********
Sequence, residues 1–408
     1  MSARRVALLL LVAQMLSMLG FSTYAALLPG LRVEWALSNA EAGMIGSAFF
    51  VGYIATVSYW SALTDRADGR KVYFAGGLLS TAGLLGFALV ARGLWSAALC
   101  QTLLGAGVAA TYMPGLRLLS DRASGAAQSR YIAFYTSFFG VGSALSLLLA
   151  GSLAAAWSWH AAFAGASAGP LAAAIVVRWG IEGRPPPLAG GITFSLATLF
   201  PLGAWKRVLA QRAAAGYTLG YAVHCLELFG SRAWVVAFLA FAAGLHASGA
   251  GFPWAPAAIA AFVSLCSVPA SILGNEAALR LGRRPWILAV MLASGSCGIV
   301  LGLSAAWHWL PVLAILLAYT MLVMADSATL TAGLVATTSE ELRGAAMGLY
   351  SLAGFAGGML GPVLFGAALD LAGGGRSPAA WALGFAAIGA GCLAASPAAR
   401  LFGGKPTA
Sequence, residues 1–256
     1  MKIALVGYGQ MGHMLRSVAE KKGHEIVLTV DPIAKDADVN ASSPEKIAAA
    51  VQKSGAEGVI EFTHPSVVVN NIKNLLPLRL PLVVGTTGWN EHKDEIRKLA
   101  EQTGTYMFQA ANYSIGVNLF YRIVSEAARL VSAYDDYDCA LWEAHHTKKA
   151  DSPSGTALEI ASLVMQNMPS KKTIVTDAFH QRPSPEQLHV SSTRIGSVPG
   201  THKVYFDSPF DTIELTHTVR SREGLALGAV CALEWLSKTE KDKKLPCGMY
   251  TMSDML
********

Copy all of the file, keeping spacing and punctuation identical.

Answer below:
Sequence, residues 1–408
     1  MSARRVALLL LVAQMLSMLG FSTYAALLPG LRVEWALSNA EAGMIGSAFF
    51  VGYIATVSYW SALTDRADGR KVYFAGGLLS TAGLLGFALV ARGLWSAALC
   101  QTLLGAGVAA TYMPGLRLLS DRASGAAQSR YIAFYTSFFG VGSALSLLLA
   151  GSLAAAWSWH AAFAGASAGP LAAAIVVRWG IEGRPPPLAG GITFSLATLF
   201  PLGAWKRVLA QRAAAGYTLG YAVHCLELFG SRAWVVAFLA FAAGLHASGA
   251  GFPWAPAAIA AFVSLCSVPA SILGNEAALR LGRRPWILAV MLASGSCGIV
   301  LGLSAAWHWL PVLAILLAYT MLVMADSATL TAGLVATTSE ELRGAAMGLY
   351  SLAGFAGGML GPVLFGAALD LAGGGRSPAA WALGFAAIGA GCLAASPAAR
   401  LFGGKPTA
Sequence, residues 1–256
     1  MKIALVGYGQ MGHMLRSVAE KKGHEIVLTV DPIAKDADVN ASSPEKIAAA
    51  VQKSGAEGVI EFTHPSVVVN NIKNLLPLRL PLVVGTTGWN EHKDEIRKLA
   101  EQTGTYMFQA ANYSIGVNLF YRIVSEAARL VSAYDDYDCA LWEAHHTKKA
   151  DSPSGTALEI ASLVMQNMPS KKTIVTDAFH QRPSPEQLHV SSTRIGSVPG
   201  THKVYFDSPF DTIELTHTVR SREGLALGAV CALEWLSKTE KDKKLPCGMY
   251  TMSDML